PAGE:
We will see further coexistence in the 6 GHz band. Discussions of how 5G and Wi-Fi will play nicely together have been less than fruitful, but we need the convergence of the two technologies.

Wi-Fi as a RAN

An architectural change in 5G compared to 4G opens up a new level of integration. In both 4G and 5G, the part of the network that talks directly to client devices and connects them to the core network is called the radio access network (RAN).

In 5G, the design is modular enough that any network that services the RAN interfaces to the core can serve as the RAN. It needn't be cellular at all. It could be a Wi-Fi 6 network. It could also be one of a few Industrial IoT network protocols like LoRaLPWAN, or Sigfox. This hasn't been implemented anywhere yet, but the design is meant to allow it.

And there are good reasons to do it. A telco might interface its own core to a customer's Wi-Fi 6 network to avoid deploying an actual cellular network, and it still gets control and visibility into the customer network.

How the convergence will happen

The convergence will take time, but the work has begun and will proceed along these paths:

  • Discovery and authentication: A mechanism in the management framework for the device to identify authorized Wi-Fi networks and connect to them using the device's 5G credentials.
  • Mobility with continuity: A mechanism in both the Wi-Fi and 5G networks to transfer the call between them without the dropped-call problems of Wi-Fi Calling.
  • Data routing: A mechanism to route data connections to and from the phone either through the cellular or local Wi-Fi network.
  • Aggregation and load balancing: The use of both Wi-Fi and 5G for the most efficient utilization of available network resources.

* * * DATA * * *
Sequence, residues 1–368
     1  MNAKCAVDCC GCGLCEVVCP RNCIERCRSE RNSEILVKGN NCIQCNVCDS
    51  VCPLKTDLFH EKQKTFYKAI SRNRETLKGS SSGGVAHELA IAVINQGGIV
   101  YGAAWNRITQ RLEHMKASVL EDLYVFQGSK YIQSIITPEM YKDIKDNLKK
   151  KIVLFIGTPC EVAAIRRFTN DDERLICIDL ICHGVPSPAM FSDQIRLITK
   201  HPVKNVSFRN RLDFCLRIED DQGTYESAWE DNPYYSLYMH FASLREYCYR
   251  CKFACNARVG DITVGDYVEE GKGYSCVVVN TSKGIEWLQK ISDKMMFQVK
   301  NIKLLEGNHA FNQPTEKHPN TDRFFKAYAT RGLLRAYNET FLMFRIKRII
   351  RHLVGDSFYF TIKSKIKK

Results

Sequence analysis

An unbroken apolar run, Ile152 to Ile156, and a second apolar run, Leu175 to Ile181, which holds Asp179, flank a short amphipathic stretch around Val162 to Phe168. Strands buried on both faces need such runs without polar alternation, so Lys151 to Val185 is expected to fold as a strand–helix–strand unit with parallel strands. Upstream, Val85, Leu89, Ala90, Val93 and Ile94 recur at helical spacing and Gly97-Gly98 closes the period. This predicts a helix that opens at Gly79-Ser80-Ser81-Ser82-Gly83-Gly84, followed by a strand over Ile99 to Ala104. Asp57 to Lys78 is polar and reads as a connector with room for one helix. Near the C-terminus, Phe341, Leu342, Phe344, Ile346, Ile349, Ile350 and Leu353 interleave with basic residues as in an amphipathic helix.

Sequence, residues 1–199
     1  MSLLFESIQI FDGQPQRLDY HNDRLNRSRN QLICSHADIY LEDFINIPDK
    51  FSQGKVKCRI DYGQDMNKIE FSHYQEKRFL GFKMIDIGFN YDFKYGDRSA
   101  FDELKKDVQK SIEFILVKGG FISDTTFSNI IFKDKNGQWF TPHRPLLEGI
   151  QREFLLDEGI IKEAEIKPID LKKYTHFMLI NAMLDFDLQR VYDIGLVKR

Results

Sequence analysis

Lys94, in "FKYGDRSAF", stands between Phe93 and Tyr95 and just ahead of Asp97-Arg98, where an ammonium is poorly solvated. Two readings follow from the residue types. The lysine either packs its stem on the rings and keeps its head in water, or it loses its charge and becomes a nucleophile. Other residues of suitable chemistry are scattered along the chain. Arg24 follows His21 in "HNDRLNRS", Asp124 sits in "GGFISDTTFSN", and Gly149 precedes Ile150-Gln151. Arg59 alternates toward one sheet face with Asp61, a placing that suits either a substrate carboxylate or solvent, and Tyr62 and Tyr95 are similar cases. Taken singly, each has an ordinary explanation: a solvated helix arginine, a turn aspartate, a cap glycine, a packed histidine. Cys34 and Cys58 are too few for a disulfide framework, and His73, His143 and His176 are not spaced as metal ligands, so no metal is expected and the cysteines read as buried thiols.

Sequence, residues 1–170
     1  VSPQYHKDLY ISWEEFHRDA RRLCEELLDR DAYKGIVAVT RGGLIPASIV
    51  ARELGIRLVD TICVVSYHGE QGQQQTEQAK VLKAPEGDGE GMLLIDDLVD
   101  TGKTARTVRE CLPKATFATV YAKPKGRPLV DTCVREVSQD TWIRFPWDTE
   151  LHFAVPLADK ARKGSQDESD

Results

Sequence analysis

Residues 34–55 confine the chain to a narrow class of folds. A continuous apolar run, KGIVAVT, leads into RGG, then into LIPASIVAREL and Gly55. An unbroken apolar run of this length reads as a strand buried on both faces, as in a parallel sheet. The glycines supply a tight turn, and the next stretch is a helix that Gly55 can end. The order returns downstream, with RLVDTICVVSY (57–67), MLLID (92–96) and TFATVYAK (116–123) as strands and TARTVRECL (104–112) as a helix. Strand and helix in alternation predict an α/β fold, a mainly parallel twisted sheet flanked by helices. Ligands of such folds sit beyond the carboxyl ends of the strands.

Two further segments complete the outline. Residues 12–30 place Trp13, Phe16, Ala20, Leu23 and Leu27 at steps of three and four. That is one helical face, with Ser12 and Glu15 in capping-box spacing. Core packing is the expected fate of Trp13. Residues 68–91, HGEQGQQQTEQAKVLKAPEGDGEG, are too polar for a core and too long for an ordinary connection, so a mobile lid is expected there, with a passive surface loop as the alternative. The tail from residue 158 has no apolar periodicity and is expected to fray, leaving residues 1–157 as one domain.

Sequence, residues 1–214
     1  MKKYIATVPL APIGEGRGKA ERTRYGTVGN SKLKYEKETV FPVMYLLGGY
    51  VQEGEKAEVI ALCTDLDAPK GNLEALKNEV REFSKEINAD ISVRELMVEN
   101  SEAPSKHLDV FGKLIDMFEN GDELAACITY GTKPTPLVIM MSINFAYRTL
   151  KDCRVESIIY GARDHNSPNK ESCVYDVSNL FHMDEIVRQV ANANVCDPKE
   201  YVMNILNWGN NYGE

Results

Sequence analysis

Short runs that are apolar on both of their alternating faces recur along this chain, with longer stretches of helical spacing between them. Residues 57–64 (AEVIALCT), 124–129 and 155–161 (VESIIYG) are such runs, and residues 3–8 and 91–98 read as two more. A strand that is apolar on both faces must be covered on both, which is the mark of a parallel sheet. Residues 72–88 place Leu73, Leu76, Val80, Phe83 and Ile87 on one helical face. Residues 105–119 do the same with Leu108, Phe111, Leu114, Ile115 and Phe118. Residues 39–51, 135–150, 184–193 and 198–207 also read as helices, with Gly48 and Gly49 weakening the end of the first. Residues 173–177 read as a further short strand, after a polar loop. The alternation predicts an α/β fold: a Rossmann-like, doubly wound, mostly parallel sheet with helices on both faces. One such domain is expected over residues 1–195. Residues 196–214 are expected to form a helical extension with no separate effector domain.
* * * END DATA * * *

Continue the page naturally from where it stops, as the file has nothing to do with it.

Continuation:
The mechanisms making these decisions could do so for a variety of reasons under a variety of criteria. The cellular network may be congested, even if it's normally a faster route to the destination. A need for greater bandwidth might justify aggregating cellular and Wi-Fi, but many factors, including battery level, might mitigate against it.

Some presence in the network has to track all of this and balance it against policy. Such a system requires a lot of coordinated intelligence in the networks.

Wi-Fi 6 is another requirement for all of this to work well. Keeping up with 5G's quality of service and determinism expectations is beyond the capabilities of earlier Wi-Fi generations.

You shouldn't have to care

The day will come, in not too many years, when we won't have to pay attention to what network we're on, and the idea that we should have to will seem strange. It's just not reasonable to expect users to manage the shift from Wi-Fi to cellular and back manually. It should just work.

It's time to build better devices, better networks, and better management layers and design better policies so that mobile devices work as well as they can. The roadmap from here to there is clear.

Wi-Fi and 5G convergence: Lessons for leaders

  • As much as business is accomplishing on wireless networks today, networks can and will get a lot better
  • Wi-Fi and cellular are different, but users shouldn't have to care about the difference. They should just be able to do their work.
  • If businesses want to get the most out of their technology, they need to be open to new generations of those technologies.

Related stories:

Wi-Fi 6 and 5G: Delivering seamless connectivity experiences

The 6 GHz network: Bigger channels, stronger signal, faster data

5 highlights in the future of Wi-Fi

This article/content was written by the individual writer identified and does not necessarily reflect the view of Hewlett Packard Enterprise Company.